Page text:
THE appointment of a Rural Aid counsellor for the Bathurst region is a triumph of a community banding together in a difficult time.
The Black Tie And Boots Ball at Bathurst Goldfields back in August was a spectacular success and a credit to all involved – particularly organisers Grant and Chezzi Denyer.
Around 700 people packed the venue in a massive show of support for the region’s drought-affected farmers and the money raised on the night has gone directly towards funding the new counsellor.
Zoe Cox has hit the ground running and will be getting out and about meeting local farmers and their families, doing her best to put them in contact with appropriate services.
And even if a farming family is not yet at the stage of needing to access help, Ms Cox will be available just to have a cuppa and chat which will provide some benefit as well.
Because one of the greatest challenges for any farmer is the necessity to keep up with the day-to-day grind of their work even once the bright spotlight of public attention has moved on.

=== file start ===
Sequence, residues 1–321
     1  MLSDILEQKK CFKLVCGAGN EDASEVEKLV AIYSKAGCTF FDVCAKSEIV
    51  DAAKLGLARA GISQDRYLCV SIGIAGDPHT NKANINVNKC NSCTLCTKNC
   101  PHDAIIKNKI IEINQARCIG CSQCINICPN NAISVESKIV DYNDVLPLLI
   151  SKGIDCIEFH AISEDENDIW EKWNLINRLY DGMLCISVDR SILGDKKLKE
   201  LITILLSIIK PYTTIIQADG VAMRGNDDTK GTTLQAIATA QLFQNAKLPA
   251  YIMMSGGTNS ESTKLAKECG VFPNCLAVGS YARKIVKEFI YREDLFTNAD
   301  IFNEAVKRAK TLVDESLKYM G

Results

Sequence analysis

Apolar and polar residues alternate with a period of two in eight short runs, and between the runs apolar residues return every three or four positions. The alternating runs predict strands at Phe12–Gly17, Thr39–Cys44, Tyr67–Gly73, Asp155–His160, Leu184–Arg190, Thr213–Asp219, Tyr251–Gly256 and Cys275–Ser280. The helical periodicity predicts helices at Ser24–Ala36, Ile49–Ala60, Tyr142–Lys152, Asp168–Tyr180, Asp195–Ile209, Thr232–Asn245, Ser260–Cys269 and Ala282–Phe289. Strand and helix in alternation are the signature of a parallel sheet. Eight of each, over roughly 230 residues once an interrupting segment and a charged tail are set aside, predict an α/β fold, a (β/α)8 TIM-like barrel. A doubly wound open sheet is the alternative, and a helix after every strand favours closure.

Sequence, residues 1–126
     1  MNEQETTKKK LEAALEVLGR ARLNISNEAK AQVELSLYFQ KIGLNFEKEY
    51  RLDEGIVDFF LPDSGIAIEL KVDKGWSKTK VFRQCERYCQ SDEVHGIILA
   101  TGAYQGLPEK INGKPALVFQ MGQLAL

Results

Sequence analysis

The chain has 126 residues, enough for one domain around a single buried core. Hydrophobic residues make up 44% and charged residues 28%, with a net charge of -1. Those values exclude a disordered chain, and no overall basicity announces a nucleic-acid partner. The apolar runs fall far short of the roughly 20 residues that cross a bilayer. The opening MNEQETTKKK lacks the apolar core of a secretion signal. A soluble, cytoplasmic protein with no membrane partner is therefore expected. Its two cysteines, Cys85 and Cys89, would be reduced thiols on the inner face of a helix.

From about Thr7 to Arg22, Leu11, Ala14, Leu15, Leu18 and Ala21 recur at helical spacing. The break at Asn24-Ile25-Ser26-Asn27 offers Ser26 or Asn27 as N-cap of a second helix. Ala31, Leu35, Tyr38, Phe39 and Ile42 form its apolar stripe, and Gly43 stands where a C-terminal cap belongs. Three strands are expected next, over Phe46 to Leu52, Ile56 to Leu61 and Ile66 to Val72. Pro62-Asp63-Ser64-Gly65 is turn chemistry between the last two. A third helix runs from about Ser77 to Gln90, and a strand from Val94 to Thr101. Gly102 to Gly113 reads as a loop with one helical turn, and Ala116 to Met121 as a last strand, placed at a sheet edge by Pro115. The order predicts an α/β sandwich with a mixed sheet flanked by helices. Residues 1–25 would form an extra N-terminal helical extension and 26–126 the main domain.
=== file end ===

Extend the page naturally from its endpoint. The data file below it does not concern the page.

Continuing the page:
The Bathurst region has received reasonable rain since the Black Tie And Boots Balls in August and that can have the unwitting effect of making it appear the worst of the drought is over.
There is now a green tinge across the region that we did not see throughout all of winter but any landholder will tell you this is really just a superficial change.
None of the region’s dams are full and as we head into summer, the medium-term outlook remains bleak.
But Ms Cox believes she is up to the job, bringing to the role not only her counselling experience but also a good knowledge of the region.
“A bonus of the choice of myself, not only do I have the counselling expertise … and I’ve worked with families, so couples, individuals and their children, that’s my area of expertise, but I also grew up in this area, about an hour east of here on a farm,” she said.
“So I also have the rural experience and I do feel that I can empathise with the everyday farmer, having grown up on the land, having farmers in my family.”
We wish her nothing but the best. She will not be able to perform miracles for our farmers, but just being there will be a start.
And the fact she will be there at all is the broader Bathurst community’s gift to our region’s drought-affected farmers.